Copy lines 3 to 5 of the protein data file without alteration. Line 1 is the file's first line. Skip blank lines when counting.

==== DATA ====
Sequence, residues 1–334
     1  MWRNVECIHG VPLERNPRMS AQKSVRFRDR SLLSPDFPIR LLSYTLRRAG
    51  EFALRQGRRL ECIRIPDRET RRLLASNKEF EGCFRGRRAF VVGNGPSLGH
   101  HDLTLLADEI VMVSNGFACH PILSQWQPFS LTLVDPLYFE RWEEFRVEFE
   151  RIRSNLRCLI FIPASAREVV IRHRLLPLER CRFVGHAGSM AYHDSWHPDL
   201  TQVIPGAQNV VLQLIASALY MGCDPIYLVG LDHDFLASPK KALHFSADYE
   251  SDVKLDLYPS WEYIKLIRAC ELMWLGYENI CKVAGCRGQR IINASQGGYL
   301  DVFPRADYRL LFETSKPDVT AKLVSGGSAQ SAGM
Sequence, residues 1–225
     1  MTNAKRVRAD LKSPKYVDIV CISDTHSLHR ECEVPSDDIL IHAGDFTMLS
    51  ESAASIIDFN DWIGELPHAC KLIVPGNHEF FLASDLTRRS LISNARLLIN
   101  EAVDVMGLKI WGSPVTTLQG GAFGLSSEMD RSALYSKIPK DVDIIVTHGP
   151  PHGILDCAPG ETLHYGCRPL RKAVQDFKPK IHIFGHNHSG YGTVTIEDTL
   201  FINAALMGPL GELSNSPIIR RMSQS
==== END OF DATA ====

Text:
    51  EFALRQGRRL ECIRIPDRET RRLLASNKEF EGCFRGRRAF VVGNGPSLGH
   101  HDLTLLADEI VMVSNGFACH PILSQWQPFS LTLVDPLYFE RWEEFRVEFE
   151  RIRSNLRCLI FIPASAREVV IRHRLLPLER CRFVGHAGSM AYHDSWHPDL